Far from turning the other cheek, Alfonsín criticized the US’s role in the conflict, calling it out for supporting military juntas: “One of the big differences between our countries [is that] we respect democratic philosophy and freedom.” Oh, snap.

  • In January 2015, the political clusterfuck generated by the death of Prosecutor Alberto Nisman, who was investigating the 1994 Argentine-Israeli Mutual Association (AMIA) Jewish center bombing, not only shook the country, but also made headlines across the world. That same year, New Yorker journalist Dexter Filkins met up with Cristina and asked her about the ongoing investigation. The actual content of the interview took the back seat however when following a question about the reason why Cristina had suggested Nisman had committed suicide without knowing what had actually happened, she stopped the journalist short to repeatedly tell him in English that he had “bad information.”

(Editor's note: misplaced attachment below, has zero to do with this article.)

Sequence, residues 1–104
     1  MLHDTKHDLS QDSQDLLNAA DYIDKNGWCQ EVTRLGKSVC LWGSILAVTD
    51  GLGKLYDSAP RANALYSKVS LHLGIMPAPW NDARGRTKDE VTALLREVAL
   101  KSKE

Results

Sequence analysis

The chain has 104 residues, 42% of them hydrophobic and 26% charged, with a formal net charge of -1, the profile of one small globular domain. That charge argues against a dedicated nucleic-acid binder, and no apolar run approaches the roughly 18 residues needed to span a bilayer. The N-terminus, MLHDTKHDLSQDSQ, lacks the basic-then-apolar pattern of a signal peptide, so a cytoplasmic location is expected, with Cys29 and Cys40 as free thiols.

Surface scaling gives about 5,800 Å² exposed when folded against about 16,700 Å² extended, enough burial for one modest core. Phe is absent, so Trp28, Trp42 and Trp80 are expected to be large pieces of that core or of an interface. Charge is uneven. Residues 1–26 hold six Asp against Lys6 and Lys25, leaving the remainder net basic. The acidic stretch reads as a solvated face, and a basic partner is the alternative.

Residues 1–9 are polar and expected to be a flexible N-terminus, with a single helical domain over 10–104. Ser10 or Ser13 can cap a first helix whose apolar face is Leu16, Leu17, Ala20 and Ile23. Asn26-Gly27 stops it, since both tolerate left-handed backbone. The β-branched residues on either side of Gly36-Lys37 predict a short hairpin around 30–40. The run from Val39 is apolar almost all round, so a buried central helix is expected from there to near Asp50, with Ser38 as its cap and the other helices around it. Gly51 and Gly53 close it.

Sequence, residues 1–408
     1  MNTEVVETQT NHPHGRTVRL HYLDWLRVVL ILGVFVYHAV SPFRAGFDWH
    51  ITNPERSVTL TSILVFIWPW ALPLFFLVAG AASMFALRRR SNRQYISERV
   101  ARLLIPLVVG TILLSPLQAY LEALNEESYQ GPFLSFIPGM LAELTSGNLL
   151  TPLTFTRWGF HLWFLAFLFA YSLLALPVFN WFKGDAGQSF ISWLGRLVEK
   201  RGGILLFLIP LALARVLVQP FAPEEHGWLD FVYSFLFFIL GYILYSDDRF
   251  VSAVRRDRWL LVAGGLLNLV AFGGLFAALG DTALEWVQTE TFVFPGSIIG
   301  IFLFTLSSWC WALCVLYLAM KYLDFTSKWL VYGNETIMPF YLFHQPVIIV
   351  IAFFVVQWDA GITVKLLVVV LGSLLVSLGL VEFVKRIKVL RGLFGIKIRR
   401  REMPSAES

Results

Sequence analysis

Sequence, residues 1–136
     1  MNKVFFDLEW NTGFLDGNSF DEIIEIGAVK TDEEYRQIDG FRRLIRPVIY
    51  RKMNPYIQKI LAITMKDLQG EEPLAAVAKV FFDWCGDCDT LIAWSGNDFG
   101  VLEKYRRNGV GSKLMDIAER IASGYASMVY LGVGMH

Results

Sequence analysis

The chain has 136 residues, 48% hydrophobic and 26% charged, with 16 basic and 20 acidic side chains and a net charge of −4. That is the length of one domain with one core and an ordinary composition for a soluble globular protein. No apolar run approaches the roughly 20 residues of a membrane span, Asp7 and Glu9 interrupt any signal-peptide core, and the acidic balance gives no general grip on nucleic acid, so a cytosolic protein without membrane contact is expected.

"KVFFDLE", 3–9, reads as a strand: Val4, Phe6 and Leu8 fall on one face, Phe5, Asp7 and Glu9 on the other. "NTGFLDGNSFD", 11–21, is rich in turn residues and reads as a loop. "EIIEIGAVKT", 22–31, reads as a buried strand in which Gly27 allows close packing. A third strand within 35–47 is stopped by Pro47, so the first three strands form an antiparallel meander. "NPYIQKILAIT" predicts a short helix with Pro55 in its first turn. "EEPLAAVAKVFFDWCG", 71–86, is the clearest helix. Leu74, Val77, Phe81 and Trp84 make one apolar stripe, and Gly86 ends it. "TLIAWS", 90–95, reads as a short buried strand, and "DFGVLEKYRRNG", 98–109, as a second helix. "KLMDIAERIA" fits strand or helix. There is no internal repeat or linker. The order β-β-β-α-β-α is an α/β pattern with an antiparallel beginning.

This painful translation generated an avalanche of memes and because we love you here at The Bubble, we’re including this magnificent remix called “Bad Information,” featuring anti-Kirchnerite journalist and TV personality Jorge Lanata. Our hearts and ears have been touched forever.

  • Remember the holdouts, aka vulture funds, litigating against Argentina over defaulted bonds? Remember how Cristina swore that they would “never pay” them and the previous administration made the issue a matter of national sovereignty? Yeah. Well, after New York Judge Thomas Griesa declared Argentina to be in contempt of court for not negotiating with the holdouts, Cristina may or may not have called Griesa a “senile old judge.” Badass? Maybe. But mostly cringeworthy. Read more: Vulture Funds Conflict: A Comprehensive Timeline

  • Keeping up with the ballsy phrases and speeches, here we have former President Néstor Kirchner talking about the US being the cause of poverty, misery and institutional instability throughout Latin America… with George W. Bush sitting right in front of him. Read more: A Guide To US-Argentine Relations From Presidents Menem To Macri